The following is a fragment that I wrote in mid-2017 as a response to my partial reading of Andrew Culp’s Dark Deleuze back when it was still a hot topic among leftists. At one time I had gotten invited into some stupid leftist Telegram channel that had the intent of building some kind of group around Culp’s interpretation of Deleuze. I have no idea what happened to them or the person who invited me, but this person that I sorta knew from my /leftypol/ days who invited me into the group was also how I discovered #RhettTwitter. By now, everyone has probably forgot about Culp (for the better), but in an effort to try to release my writing from the editing void and just start publishing shit again after the undertaking that G/ACC was, I’ve decided to just release this as-is.

At the time I was working through a cloud of buzzwords that would eventually coalesce into writings around an accelerationist meme ideology that, in the thick of the #RhettTwitter days, I termed X/ACC. It was supposed to be a more abstract backend to my cyber-nihilism meme ideology from 201617 which I’m currently planning on reworking into a book that is less memerific but hopefully just as fun. Dabbing on Dark Deleuze is mostly a stepping stone here for exploring some interests on some form of post-nihilism that would have been one of the key ideas in my X/ACC meme ideology thing. The term for this experiment in post-nihilism would have been “annihilationism” – which is a dumb and meme-tier, but whatever, I’m publishing it as-is.

Despite how aged it undoubtedly is, I still feel like there’s some good stuff here, and I’ve been thinking a lot lately about nihilism. Prior to getting into accelerationism and finding a niche in political theory and philosophy that worked for me, I was really into phenomenology and Kant in my undergrad days, and while I’ve since gotten past this I still think of both as being the fundamental philosophical/metaphysical opposition to accelerationism that is good for attacking. My newer work on this subject is currently stuck in the black hole of editing, but hopefully will be finished soon.

In the same way that Nietzsche’s thought was always presented as a living process that changed over time, I don’t make any claims to my work being part of some kind of theoretical superstructure. All ideology is only fit for looting, so make of this what you will, or shit on it, or whatever. I don’t care. OPEN THE CONTENT CIRCUITS!

Annihilationism Contra Phenomenology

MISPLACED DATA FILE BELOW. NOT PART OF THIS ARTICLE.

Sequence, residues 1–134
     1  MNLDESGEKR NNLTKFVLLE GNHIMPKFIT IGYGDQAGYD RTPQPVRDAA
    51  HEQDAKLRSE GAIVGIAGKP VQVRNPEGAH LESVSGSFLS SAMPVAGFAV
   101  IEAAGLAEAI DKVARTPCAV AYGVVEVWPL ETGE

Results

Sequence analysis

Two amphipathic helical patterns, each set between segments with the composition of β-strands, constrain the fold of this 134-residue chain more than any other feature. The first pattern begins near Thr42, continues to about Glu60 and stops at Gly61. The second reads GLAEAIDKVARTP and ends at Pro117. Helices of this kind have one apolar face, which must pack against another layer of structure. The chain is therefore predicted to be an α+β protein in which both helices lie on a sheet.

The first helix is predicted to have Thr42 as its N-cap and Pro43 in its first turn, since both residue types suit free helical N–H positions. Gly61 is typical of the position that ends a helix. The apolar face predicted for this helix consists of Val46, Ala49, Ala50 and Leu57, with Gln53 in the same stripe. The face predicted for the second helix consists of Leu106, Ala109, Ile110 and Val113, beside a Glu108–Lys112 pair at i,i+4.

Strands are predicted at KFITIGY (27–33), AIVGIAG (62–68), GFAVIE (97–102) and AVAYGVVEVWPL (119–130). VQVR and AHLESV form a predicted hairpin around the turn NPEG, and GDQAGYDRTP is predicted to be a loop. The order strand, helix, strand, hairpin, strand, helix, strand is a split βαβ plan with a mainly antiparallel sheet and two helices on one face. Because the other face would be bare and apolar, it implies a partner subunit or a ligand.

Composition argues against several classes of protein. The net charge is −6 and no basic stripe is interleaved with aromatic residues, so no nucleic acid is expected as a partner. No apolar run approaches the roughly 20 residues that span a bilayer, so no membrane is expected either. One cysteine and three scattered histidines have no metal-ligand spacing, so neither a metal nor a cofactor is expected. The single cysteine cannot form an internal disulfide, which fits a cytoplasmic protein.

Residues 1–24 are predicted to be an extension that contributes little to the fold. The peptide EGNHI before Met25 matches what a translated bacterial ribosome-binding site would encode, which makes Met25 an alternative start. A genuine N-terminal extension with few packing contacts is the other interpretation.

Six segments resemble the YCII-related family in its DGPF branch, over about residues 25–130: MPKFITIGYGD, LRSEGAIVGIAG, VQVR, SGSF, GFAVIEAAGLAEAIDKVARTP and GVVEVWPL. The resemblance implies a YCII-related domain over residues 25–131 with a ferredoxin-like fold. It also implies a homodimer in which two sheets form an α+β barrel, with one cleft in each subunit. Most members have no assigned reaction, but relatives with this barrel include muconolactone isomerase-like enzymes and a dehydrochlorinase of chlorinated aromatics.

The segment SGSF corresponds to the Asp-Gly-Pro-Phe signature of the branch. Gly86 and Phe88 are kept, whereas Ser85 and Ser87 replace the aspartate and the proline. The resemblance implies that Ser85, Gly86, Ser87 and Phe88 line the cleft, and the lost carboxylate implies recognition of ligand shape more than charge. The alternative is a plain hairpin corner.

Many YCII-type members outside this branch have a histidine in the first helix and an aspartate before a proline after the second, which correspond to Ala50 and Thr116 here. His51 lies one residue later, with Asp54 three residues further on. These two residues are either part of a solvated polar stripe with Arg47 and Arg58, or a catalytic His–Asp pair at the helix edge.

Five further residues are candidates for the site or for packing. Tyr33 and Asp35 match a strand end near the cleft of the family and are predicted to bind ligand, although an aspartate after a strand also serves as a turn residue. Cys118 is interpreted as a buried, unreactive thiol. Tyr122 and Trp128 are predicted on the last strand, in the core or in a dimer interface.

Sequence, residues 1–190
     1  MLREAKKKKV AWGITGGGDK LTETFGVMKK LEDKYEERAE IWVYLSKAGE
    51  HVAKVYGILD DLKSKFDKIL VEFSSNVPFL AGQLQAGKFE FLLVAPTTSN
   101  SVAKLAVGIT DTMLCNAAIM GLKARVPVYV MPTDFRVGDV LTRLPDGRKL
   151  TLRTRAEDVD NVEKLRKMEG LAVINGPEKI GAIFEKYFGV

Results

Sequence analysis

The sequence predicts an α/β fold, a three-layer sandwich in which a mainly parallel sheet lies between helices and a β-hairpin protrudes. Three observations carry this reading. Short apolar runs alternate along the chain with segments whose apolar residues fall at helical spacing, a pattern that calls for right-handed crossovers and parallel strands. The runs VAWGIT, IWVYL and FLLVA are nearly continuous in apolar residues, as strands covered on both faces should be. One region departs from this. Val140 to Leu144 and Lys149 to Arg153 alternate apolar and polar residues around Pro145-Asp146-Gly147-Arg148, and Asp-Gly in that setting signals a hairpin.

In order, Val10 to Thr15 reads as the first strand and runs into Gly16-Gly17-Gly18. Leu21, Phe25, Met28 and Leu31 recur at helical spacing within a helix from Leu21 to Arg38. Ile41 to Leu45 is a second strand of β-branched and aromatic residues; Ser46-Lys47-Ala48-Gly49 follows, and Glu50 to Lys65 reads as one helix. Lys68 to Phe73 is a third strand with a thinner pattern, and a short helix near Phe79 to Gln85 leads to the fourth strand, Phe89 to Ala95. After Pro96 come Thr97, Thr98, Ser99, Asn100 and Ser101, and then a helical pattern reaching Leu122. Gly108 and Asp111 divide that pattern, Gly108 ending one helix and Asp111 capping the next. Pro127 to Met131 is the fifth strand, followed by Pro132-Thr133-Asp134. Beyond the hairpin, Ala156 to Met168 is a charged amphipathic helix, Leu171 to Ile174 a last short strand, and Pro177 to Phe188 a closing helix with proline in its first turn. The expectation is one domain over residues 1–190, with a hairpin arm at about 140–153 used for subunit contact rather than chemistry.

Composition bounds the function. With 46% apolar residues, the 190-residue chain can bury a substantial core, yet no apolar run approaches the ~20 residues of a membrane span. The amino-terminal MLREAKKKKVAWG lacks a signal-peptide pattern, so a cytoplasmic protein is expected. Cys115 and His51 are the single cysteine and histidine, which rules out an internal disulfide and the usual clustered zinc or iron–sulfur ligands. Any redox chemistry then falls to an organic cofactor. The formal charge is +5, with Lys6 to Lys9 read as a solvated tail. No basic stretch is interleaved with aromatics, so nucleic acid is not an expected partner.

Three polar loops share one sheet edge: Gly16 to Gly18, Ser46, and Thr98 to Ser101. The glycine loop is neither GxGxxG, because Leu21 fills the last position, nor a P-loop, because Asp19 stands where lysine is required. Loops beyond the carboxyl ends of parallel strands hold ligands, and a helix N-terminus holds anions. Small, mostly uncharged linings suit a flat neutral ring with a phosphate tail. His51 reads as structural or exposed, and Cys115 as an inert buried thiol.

There has been much ado made in the leftysphere since the publication of Andrew Culp’s Dark Deleuze. The promise of reclaiming Deleuze from the academic priests of neoliberalism is as tantalizing as the promise of reclaiming acceleration from the demons of neoreaction – and like Left Accelerationism (heretofore to be referred to as L/ACC), it falls flat on its face trying to exhaust regressive leftism and go beyond it. Like L/ACC, Dark Deleuze is nothing more than leftist charlatanism, more of the same covered up by a thin and decidedly uncool aesthetic. I would go so far as to say that Dark Deleuze is the Linkin Park of the Left, in fact. Its dull edginess can only appeal to the juvenile (which perhaps is why it’s convinced even anarchists to pick up a book, however light it might be). It is singularly captured in the word, regressive.

Notwithstanding the other directions I could take a critique of the book, what catches my interest the most and which I will focus this post on are the concepts of world-death and the war machine. In name alone, these two concepts capture both the apparent novelty and the obvious “dark” image of DD, enough to lure in hapless victims into yet another leftist negative-feedback circuit born in the stinking bowels of academia.

Let us start with the “death of the world” – which Culp sets up as that which follows after the death of God and of man. An interesting genealogy to trace, and one that I could even in a sense say I agree with. But in what sense do I, and in what sense does Culp use the term “world”?

I use the term “world” in the same way that Eugene Thacker – another author whose penchant for the dark goes beyond a manipulative acquaintanceship, towards a genuine kinship – uses in In The Dust of This Planet, “…the world-for-us is simply the World1, and the world-for-us is, “the world that we, as human beings, interpret and give meaning to, the world that we relate to or feel alienated from”.2 Thacker is making reference to phenomenology in his concept of the world, as he makes clear, “The terms ‘world’ and ‘worlding’ are frequently used in phenomenology to describe the way in which we as human subjects exist in the world, at the same time as the world is revealed to us.”3 While Thacker’s use of the term “world” is hardly new, he encapsulates this perspective in Western thought very nicely in the intro to DotP, which I term the post-phenomenological. “Post” phenomenological, because despite phenomenology as a movement originating in Heidegger and Husserl, phenomenology and phenomena as a concept traces back to Kant. An essential feature of the Kantian Copernican Revolution, phenomena are the representations of the real world (noumena) that Kant postulated to be the only stuff we have a positive cognitive relation with. Like the dreams brought on by Cthulhu, they’re only semblances of something infinitely more horrifying.